After ten years and more than 4,300 planes installed it is safe to say that the FlightPath3D offering is far more than just a moving map platform. And if you make that mistake in a conversation with company president Duncan Jackson he’ll waste no time in correcting you that the company is “an augmented reality travel journey platform, with all your destinations in 3D.” With a mature offering across multiple channels (including some outside the aircraft), FlightPath3D sees a strong future ahead.
We’re the travel journey platform. We’re delivering that inspiration on [an airline] website, in the companion app, in the portal, and on the seatback.– Duncan Jackson, President, FlightPath3D
Perhaps most notable in the company’s evolution is its pivot to video. Jackson is not shy about just how compelling he believes it is, describing it as “arguably better than TripAdvisor from an inspiration point of view.”
And while a pivot to video has not always delivered eyeballs and profits (Thanks, Facebook!), FlightPath3D’s version is delivering stickiness and engagement that have its airline customers beyond excited with opportunities. Specific numbers are not yet released, but Jackson is clear the Destination Reels offering exceeded expectations at launch customer Southwest Airlines by a notable margin.
He further explains:
We’ve had destination content and Points of Interest (POIs) live since 2018 and now it is playing on 50 Airlines. But what we recognized over the past five years is that the prevalent platform for travel inspiration is no longer Google and TripAdvisor. It’s TikTok. It has short form video content, highly swipe-able and snackable information that’s immersive. So we evolved to build video points of interest that is our new destination reels product. So it’s still the points of interest concept we introduced in 2017, but it’s also an immersive video platform.
Engagement is critical for any platform like this. It is the first step towards monetization for the airline. But having a plan for what comes after the initial engagement is far more important. FlightPath3D is ready to deliver on that now as well.
Paid placements for advertisers mixed in to the native content is one option FlightPath3D has in its arsenal. But the company must be careful to not overplay that move. As services become more obviously ad-driven users eventually notice, destroying the hard-earned engagement value in a hurry.
Another revenue stream comes from enabling bookings for tours or restaurants at a destination. Driving those bookings during a flight, however, is a secondary consideration for FlightPath3D. Delivering future travel bookings to the airline is a much bigger prize. And it is one Jackson is squarely focused on today.
“Job one was to put advertising in the feed,” Jackson explains. “We’ve knocked that out of the park. Job two is to understand the data. We see more value on monetization for the airline to understand where their customers are looking to fly, what are the trending destinations and city pairs. We’ve started pulling that sort of data from our flight map and schedules product that’s already flying on Air Canada. That’s an early phase of monetization on the airline side, enabling future bookings.”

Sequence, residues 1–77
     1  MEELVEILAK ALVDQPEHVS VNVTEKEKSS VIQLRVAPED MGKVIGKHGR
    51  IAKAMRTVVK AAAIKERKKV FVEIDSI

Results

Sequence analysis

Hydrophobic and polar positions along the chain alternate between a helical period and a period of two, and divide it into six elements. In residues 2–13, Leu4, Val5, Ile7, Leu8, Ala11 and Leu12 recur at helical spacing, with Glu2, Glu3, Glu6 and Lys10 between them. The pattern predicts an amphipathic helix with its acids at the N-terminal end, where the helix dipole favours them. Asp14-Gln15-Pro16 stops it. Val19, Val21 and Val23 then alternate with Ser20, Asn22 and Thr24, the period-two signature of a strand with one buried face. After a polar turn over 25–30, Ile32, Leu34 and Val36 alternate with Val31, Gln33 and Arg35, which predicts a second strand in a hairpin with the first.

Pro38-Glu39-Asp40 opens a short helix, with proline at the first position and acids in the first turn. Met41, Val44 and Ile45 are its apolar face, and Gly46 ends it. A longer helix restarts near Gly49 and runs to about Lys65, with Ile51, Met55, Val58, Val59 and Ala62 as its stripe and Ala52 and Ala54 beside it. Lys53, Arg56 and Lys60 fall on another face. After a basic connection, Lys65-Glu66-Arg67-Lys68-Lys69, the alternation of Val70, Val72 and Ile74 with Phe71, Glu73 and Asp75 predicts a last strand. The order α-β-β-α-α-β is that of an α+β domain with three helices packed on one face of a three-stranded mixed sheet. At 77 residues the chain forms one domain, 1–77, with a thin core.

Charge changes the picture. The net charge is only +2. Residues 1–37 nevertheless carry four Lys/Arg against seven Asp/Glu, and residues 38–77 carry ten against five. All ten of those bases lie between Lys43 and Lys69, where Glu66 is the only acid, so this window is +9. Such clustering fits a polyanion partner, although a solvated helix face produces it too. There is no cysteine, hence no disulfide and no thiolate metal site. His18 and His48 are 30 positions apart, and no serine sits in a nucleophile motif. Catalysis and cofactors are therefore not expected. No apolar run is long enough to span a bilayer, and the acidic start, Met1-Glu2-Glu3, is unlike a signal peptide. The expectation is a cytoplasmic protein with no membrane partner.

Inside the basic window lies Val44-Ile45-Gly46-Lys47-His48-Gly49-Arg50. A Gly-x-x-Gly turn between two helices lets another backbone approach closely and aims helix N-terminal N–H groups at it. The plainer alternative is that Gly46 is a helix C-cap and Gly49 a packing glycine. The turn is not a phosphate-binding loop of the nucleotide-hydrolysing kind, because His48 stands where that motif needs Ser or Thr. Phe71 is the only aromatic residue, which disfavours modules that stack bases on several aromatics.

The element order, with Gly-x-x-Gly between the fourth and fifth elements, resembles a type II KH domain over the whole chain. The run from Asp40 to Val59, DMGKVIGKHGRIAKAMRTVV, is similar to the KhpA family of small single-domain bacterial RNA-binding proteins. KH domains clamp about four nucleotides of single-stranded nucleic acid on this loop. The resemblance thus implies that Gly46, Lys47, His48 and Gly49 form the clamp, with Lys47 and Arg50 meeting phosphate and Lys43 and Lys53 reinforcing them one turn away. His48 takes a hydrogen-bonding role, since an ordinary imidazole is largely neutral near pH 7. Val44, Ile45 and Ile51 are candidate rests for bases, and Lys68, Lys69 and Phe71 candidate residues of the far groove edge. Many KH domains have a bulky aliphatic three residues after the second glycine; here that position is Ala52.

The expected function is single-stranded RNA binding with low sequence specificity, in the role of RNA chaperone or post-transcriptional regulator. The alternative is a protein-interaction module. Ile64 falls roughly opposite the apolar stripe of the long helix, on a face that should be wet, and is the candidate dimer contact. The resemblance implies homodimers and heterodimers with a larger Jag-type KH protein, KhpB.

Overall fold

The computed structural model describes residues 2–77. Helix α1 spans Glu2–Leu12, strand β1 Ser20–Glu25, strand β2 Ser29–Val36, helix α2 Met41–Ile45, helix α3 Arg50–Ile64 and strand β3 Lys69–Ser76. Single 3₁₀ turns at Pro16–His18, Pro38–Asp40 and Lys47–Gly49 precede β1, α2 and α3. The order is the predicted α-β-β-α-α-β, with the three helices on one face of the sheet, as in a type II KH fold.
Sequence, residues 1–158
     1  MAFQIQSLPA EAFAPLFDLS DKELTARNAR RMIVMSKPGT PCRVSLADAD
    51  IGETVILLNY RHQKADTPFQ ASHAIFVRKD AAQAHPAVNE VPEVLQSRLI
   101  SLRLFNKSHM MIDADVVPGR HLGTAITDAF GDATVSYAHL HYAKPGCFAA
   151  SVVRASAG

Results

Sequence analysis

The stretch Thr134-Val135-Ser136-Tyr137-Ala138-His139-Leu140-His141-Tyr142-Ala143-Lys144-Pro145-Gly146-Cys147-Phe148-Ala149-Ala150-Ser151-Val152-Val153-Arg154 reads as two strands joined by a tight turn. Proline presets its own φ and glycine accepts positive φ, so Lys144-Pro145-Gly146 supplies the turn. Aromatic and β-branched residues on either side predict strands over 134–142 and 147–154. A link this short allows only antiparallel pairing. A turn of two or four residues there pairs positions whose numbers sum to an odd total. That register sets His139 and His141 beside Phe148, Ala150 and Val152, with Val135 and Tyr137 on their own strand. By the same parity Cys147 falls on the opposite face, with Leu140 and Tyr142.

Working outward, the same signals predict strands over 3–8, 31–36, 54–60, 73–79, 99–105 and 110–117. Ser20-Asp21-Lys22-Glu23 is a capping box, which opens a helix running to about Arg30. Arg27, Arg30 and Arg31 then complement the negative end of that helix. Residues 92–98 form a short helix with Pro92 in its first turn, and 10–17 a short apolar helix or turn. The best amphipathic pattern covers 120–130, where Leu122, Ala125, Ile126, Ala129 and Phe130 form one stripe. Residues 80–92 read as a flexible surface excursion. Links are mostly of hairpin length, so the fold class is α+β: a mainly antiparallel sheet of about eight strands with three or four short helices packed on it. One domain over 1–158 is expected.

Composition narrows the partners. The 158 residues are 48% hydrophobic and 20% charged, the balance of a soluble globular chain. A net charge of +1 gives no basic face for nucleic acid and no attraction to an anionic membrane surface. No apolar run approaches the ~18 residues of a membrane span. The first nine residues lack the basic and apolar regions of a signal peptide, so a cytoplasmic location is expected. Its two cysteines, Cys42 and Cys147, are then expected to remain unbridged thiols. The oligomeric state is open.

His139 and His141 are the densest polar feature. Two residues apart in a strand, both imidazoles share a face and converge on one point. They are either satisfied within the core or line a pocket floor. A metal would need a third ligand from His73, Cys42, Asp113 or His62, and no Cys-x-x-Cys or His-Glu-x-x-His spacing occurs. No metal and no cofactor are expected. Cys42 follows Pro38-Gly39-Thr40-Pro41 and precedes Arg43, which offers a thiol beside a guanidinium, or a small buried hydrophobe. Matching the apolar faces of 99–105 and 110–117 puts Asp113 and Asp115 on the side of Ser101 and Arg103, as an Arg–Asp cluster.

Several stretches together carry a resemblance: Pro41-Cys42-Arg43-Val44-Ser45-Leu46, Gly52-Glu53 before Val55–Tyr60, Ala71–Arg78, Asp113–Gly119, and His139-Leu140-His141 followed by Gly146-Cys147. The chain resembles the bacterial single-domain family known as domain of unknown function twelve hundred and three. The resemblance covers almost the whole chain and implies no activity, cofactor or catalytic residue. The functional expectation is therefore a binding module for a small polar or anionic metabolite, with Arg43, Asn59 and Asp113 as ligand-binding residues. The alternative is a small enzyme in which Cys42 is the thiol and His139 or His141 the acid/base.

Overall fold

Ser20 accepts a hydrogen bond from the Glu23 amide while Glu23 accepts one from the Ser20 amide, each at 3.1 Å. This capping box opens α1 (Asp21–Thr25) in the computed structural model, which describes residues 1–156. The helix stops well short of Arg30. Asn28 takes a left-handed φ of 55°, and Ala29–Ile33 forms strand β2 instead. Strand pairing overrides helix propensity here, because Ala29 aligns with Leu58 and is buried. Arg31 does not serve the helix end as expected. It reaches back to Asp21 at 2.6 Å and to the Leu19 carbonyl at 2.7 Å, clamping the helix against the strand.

Part of that sales push comes as direct engagement with passengers on board, via personal devices or the in-seat screens. But FlightPath3D also sees opportunities across shared experiences, whether on planes or on the ground.
On-board digital displays are a prime candidate for better advertising services. Jackson is very keen on that potential, at least for some airlines. “We can deliver targeted route marketing to the digital displays,” he explains. “Instead of only showing details about the current route being flown, it’s showing specific types of content for an airline’s destinations. We can pump that through the IFE system, tied to the places they fly to because we also see the flight schedule.”
Maybe it comes in the form of pushing vacation travel destinations on a route dominated by business travelers. Or providing inspiration for that next vacation destination while on the way to a beach paradise. By blending the data airlines aggregate about their customers with trends FlightPath3D is tracking across all its customers, the company believes it can deliver outsized value as a destination and ticket marketing platform.
This does depend on digital displays becoming more common on board, however, to provide a surface for the pitches. Whether it is the AERQ Welcome Board concept or something else, the system is ready to shine in flight.
Most travelers don’t look to airports for travel destination information. But perhaps that’s because the airports are not very good about providing the necessary inspiration. FlightPath3D is also on a mission to change that.
The destination mapping functionality is well suited to airports, similar to the airline implementations. Inspiration snippets can be displayed for all the markets served. And, perhaps most importantly, the site can deliver direct links to operating airlines to help drive ticket sales.
This is not just a theoretical offering. FlightPath3D is delivering it today for Heathrow and the Houston airports. Other deployments are in the works.
Blending the data and content to deliver real ancillary revenue value to airlines is not a trivial task. And while many companies talk about how they’ll optimize those offerings at some point in the future, far fewer are delivering on it today. The moving map display remains a major touchpoint for passengers and a key opportunity to deliver that value. With its suite of mature (and also still evolving) offerings developed over the past decade, FlightPath3D sits firmly among the leaders in this space.
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